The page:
thoughtomation

removing the "mis" from information

Sunday, July 25, 2004

The Burying of Sandy Burglar

At an earlier age, I suppose I would have been a bit astonished and mystified that the major media outlets (except FOX) in the United States would completely ignore the blatant theft of codeword-classified documents, concerning the most deadly attack on United States soil since the Civil War, by a former National Security Advisor who was also, until the case came to public light, the foreign policy advisor of the Democrat candidate for President, mere months from the quadrennial election.

But that would have been before I was paying attention; indeed, at that time, I was more concerned with racking up my women-seduced score than anything that was happening in politics. At that time, if supporting abortion and redistributionism got me laid, I was all for it.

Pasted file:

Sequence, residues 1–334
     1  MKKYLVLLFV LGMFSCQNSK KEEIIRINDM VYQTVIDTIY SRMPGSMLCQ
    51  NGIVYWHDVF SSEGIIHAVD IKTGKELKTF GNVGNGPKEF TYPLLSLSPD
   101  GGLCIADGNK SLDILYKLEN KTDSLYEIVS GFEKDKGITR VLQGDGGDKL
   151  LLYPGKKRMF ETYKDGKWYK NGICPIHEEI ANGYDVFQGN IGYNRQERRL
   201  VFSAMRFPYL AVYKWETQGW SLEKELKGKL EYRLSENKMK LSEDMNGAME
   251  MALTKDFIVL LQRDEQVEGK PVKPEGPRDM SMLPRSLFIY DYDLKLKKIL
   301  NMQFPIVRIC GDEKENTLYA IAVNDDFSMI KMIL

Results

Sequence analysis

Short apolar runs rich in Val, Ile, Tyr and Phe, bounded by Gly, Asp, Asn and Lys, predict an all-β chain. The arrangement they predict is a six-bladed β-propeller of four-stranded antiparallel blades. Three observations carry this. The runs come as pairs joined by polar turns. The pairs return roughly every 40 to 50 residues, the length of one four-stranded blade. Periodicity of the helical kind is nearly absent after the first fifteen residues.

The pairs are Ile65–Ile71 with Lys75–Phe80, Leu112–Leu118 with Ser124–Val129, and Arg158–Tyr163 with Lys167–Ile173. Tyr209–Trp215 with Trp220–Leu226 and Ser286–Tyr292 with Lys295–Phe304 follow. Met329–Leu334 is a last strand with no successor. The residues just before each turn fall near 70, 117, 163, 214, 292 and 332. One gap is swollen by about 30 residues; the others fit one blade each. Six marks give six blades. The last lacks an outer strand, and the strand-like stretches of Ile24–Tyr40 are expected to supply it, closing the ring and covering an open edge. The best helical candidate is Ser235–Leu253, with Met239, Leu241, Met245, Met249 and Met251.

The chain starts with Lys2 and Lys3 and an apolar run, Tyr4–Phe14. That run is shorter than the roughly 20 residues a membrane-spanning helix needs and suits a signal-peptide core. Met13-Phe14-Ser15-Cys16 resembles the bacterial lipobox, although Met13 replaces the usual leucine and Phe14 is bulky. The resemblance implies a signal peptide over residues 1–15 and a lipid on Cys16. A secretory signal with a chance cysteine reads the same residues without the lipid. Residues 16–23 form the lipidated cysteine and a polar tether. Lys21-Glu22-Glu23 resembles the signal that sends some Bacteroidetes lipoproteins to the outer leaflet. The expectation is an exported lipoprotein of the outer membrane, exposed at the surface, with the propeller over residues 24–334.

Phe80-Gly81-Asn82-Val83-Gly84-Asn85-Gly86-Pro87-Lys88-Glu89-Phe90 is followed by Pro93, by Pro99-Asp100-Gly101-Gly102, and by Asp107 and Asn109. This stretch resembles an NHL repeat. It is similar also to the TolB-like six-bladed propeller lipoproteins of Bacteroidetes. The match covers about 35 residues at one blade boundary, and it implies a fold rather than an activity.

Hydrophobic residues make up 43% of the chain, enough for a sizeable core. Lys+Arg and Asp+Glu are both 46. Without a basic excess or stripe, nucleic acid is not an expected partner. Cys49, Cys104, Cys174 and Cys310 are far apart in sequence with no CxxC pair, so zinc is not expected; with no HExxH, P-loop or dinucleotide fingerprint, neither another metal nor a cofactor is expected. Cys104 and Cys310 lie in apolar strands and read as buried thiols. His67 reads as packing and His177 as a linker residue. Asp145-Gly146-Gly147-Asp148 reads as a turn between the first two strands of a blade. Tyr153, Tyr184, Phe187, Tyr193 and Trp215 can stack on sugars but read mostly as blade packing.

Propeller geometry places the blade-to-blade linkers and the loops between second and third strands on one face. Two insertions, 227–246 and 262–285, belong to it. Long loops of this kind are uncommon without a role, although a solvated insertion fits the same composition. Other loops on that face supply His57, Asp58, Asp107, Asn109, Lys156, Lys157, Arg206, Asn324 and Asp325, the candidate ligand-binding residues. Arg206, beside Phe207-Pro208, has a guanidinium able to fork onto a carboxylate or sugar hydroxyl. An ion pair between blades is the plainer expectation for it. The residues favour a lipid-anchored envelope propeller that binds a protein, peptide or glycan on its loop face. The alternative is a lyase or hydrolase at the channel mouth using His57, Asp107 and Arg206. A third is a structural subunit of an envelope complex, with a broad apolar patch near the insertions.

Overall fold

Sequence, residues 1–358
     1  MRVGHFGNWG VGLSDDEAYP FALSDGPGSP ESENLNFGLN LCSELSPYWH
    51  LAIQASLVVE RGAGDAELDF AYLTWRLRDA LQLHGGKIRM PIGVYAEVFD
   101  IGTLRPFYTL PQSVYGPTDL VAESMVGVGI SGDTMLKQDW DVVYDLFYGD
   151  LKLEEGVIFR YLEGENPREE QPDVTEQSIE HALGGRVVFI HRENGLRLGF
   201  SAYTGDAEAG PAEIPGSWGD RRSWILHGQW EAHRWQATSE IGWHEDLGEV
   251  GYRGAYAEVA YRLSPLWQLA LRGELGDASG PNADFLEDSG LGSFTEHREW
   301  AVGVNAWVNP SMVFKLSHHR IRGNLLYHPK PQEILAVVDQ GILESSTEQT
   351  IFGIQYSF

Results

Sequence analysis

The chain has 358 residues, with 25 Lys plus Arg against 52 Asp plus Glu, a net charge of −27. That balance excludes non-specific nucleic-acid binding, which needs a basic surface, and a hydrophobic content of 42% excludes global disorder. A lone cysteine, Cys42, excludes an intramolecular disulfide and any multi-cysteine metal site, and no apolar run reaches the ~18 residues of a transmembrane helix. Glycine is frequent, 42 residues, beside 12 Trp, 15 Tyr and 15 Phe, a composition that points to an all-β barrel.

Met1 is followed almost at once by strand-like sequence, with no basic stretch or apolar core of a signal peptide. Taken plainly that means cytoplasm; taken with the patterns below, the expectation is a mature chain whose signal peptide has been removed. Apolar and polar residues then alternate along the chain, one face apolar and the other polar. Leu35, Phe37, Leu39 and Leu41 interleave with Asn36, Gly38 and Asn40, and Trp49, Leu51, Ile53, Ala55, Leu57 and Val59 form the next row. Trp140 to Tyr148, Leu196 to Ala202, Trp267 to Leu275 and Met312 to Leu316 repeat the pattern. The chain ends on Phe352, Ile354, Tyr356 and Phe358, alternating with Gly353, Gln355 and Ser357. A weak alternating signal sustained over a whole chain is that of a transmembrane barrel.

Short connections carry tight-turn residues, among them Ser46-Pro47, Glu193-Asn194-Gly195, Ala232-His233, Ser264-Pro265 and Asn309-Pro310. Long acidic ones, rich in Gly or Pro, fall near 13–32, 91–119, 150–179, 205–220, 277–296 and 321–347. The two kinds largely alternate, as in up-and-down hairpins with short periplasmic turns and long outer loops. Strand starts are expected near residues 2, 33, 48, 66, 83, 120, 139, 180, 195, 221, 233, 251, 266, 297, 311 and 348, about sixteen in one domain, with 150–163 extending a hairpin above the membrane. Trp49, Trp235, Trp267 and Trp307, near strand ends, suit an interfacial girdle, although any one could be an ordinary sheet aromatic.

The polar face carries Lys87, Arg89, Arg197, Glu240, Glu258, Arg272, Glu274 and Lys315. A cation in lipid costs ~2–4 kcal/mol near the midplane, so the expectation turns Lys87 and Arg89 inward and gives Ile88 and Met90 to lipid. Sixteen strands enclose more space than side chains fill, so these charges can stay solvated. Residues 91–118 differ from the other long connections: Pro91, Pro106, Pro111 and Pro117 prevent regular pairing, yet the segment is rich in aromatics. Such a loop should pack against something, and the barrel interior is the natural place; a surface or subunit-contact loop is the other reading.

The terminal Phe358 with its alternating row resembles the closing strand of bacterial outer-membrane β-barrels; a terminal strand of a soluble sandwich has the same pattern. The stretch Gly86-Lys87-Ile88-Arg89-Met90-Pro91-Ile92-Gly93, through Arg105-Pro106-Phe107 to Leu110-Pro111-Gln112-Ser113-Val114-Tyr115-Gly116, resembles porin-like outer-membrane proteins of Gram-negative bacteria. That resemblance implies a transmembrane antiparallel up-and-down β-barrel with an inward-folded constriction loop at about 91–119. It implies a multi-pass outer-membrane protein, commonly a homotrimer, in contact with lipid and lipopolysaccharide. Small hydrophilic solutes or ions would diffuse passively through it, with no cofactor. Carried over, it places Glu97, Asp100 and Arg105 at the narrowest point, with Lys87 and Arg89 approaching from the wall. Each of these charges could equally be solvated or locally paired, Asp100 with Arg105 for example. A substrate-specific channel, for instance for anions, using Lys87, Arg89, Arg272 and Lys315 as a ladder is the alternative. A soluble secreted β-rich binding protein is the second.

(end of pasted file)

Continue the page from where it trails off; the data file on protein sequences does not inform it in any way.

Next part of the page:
Now, however, I am a little older and wiser. As I have indicated previously, being a target of the 1993 WTC bombing opened my eyes to politics and the stark reality that this stuff actually does affect me, whether I like it or not. Even though I was a regular newspaper reader since my pre-teens, it was at the beginning of the Clinton administration when I truly understood how different newspaper reporting could be from reality. I was under the naive impression that being a journalist was like being an archaeologist, only in real time. The sight of CNN reporters telling me, in their breathless and compelling manner, things I absolutely knew to be untrue about the attack I had just barely escaped with my life, caused me to ask a few extremely uncomfortable questions:
  1. If reporters could gravely assert these certain untruths without any indication of doubt or allowance that the reality might be otherwise, what else have they been saying that is also completely wrong?
  2. Do journalists willingly misrepresent reality?
  3. Do journalists play favorites, i.e., is the pretense of the journalist being an "objective" observer an outright fraud?
  4. How does a member of a medium's audience tell fact from fiction?
  5. Isn't control over the choice of what to report alone sufficient to change the essential character of reporting from journalism to propaganda?

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